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Publisher's Summary

"Suddenly, they turned around, got on their knees, as if they were ordered to, they did it all together, aimed. And personally, I was standing there saying, they're not going to shoot, they can't do that. If they are going to shoot, it's going to be blank." - One eyewitness to the shootings
The Vietnam War was one of the most controversial events in American history, and political arguments over the war brought about massive cultural changes across the country during the 1960s. The war ultimately fueled the hippie counterculture, and anti-war protests spread across the country on campuses and in the streets. While some protesters spread peace and love, others rioted. In August 1968, riots broke out in the streets of Chicago, leading to incredible scenes of National Guardsmen and police confronting 10,000 anti-war rioters during the Democratic National Convention.
By the end of the decade, Vietnam had left tens of thousands of Americans dead, spawned a counterculture with millions of protesters, and destroyed a presidency. But there was plenty more yet to come. Vietnam was already wildly unpopular by 1970, but when President Nixon announced the bombing of Cambodia on April 30, 1970, protests exploded across college campuses. Some of those protests took place at Kent State in Kent, Ohio, and the state's governor replied by declaring a state of emergency and sending the Ohio National Guard to the campus.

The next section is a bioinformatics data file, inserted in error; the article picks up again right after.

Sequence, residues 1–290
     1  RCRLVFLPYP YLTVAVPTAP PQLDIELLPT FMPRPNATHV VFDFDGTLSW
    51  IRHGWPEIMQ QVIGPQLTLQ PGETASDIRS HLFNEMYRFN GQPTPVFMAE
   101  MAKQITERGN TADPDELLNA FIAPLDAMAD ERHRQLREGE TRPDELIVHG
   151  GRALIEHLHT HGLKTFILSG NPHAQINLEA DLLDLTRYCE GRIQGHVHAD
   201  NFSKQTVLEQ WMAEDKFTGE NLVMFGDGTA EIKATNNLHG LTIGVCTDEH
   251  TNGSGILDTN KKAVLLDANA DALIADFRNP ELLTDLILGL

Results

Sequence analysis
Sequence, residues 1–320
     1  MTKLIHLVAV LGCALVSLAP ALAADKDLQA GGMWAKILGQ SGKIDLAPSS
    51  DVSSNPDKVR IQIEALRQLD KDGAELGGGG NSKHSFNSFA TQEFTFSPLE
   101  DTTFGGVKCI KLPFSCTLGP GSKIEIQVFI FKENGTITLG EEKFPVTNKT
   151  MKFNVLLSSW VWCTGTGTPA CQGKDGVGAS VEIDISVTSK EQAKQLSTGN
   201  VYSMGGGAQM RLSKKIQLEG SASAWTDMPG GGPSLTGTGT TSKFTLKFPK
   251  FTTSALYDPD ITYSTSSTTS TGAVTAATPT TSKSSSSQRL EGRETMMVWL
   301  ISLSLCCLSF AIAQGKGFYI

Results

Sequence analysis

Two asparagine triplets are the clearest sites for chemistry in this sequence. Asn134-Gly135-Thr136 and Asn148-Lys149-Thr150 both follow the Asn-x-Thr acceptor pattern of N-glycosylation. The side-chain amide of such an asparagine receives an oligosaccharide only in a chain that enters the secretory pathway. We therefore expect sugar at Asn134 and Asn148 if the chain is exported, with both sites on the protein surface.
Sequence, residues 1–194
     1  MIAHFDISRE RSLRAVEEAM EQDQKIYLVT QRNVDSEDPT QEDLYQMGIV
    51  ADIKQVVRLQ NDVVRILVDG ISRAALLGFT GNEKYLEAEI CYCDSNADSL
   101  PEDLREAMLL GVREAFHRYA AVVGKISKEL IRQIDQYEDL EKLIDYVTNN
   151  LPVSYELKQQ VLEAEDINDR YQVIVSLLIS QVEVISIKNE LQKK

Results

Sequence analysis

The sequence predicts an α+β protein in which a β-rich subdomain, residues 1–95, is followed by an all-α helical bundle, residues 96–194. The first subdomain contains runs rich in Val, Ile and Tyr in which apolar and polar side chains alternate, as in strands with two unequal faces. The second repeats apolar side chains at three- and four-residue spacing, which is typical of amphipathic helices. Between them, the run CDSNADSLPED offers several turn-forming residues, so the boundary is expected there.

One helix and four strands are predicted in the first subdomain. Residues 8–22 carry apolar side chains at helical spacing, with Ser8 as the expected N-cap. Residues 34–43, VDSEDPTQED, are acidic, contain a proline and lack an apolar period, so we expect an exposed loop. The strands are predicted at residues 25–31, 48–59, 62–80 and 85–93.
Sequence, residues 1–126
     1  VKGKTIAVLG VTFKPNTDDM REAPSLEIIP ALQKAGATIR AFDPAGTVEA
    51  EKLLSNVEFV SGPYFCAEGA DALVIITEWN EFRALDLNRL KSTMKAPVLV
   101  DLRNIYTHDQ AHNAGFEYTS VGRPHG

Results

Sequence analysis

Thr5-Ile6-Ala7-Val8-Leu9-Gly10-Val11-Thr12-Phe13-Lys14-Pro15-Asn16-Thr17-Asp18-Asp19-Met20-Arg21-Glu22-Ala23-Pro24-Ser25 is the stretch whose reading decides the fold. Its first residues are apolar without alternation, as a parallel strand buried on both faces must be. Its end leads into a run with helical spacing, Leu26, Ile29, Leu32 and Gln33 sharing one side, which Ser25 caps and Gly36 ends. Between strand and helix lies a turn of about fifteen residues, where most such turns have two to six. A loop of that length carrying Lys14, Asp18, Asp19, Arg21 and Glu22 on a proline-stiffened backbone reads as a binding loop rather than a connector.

On May 4, a Monday, thousands of Kent State students decided to attend protests instead of class. Jeff Miller and his friends had tear gas shot at them by the Ohio National Guard, and Miller picked up one of the tear gas canisters and threw it back at the Guardsmen. At 12:24 p.m., some of the Guardsmen opened fire with live rounds. Miller was instantly killed by a shot through the mouth.
©2012 Charles River Editors (P)2015 Charles River Editors
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